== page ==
With respect to the jurisdictional reach of the foreign tribunal, the Supreme Court has noted that "when the person from whom discovery is sought is a participant in the foreign proceeding..., the need for § 1782(a) aid generally is not as apparent as it ordinarily is when evidence is sought from a nonparticipant in the matter arising abroad. A foreign tribunal has jurisdiction over those appearing before it, and can itself order them to produce evidence. In contrast, nonparticipants in the foreign proceeding may be outside the foreign tribunal's jurisdictional reach; hence, their evidence, available in the United States, may be unobtainable absent § 1782(a) aid." Intel, 542 U.S. at 264. Here, Asus is not a party to proceedings in either country, see Application at 11, and this factor weighs in Google's favor.
With respect to the nature and receptivity of the foreign tribunal, Google avers that the Dusseldorf Regional Court and the High Court of Justice can be expected to be receptive to the information obtained by this request. See, e.g., Cryolife, 2009 WL 88348 at *2; In re Ex Parte Application of Societe d'Etude, 2013 WL 6164435 at *1. Accordingly, this factor also weighs in Google's favor. For the same reason, the third discretionary factor weighs in Google's favor, as there is nothing to suggest that Google is attempting to circumvent foreign proof-gathering restrictions.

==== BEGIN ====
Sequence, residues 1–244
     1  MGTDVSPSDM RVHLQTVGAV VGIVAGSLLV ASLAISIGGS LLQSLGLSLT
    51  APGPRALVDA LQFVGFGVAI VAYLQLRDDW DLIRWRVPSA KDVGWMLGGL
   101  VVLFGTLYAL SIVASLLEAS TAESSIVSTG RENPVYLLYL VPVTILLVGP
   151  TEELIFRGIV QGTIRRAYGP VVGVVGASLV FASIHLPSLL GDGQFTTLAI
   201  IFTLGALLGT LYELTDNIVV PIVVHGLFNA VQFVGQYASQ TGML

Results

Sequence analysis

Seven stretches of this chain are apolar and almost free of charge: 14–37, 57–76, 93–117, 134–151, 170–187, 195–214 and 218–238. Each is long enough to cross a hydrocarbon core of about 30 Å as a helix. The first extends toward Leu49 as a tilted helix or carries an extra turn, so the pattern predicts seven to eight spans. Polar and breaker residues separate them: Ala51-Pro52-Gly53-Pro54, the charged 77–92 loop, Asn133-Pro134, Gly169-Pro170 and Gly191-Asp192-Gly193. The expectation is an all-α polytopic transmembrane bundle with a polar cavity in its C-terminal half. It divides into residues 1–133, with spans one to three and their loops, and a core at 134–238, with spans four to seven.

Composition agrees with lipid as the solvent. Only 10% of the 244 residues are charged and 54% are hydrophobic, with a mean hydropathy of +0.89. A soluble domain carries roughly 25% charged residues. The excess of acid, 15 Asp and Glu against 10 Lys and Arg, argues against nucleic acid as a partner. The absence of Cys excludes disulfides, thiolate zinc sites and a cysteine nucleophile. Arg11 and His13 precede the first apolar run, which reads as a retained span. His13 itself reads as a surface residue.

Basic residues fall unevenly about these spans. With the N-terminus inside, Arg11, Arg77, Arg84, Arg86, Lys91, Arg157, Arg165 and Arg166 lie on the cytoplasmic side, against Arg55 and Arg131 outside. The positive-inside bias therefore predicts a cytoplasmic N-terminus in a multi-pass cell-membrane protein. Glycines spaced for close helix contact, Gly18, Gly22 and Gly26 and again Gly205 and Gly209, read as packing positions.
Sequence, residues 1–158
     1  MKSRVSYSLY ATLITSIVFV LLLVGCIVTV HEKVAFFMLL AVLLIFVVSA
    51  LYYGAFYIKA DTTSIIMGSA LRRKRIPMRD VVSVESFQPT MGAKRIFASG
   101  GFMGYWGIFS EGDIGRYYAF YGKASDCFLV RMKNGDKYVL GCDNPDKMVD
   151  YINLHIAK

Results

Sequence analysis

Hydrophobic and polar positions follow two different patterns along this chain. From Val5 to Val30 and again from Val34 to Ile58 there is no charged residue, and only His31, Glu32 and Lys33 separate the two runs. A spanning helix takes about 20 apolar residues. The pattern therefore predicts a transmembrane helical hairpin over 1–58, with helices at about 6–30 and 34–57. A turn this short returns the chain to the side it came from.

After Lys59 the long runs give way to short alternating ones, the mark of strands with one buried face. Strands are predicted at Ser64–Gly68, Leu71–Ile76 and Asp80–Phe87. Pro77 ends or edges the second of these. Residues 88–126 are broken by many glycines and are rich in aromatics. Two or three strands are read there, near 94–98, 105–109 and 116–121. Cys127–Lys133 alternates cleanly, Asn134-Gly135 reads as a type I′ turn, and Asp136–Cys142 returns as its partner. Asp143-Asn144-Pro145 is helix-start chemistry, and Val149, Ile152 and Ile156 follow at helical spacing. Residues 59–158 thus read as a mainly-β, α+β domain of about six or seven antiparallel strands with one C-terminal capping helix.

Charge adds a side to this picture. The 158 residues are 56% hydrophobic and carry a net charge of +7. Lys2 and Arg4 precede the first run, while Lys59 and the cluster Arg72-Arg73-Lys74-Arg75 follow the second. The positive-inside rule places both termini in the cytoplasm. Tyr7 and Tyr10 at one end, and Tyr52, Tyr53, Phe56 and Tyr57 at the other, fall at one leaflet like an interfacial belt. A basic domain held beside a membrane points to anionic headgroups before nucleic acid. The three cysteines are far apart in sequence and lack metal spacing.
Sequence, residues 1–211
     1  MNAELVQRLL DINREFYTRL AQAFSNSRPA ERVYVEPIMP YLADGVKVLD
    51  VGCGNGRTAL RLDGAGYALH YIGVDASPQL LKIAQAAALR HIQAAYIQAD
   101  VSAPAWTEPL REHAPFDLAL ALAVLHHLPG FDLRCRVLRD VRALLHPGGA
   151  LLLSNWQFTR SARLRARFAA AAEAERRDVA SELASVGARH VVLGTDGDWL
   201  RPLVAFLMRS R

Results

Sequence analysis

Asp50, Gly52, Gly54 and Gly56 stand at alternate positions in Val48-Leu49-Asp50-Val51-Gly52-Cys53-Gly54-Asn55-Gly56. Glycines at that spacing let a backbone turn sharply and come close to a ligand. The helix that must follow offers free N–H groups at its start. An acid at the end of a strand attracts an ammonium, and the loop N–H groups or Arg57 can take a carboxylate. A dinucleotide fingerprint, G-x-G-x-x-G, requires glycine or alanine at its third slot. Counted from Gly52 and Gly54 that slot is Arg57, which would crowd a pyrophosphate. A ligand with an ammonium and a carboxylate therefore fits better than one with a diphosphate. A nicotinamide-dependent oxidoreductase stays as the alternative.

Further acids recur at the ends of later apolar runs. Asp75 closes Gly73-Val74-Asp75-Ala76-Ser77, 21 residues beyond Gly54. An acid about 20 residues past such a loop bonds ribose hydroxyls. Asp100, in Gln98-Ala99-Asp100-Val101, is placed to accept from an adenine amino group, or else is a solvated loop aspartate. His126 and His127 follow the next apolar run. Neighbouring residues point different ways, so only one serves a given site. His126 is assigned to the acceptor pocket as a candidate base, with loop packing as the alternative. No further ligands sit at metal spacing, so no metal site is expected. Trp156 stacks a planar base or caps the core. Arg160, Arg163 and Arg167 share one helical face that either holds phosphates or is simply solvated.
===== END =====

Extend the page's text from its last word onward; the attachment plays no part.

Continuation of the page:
The final discretionary factor is whether the subpoena contains unduly intrusive or burdensome requests. Google's three document requests target specific categories of documents:
(1) Copies of all license agreements Ericsson has concluded with Asus regarding patents that have been declared to be essential for the UMTS and/or GSM and LTE standard, or documents containing reference to the licenses.
(2) Copies of all license agreements Ericsson has concluded with Asus regarding five patents that have been declared to be essential for cellular standards UMTS and/or GSM and LTE and are the subject of the foreign litigation at issue in this application [i.e. the five relevant patents-in-suit], or documents containing reference to the licenses.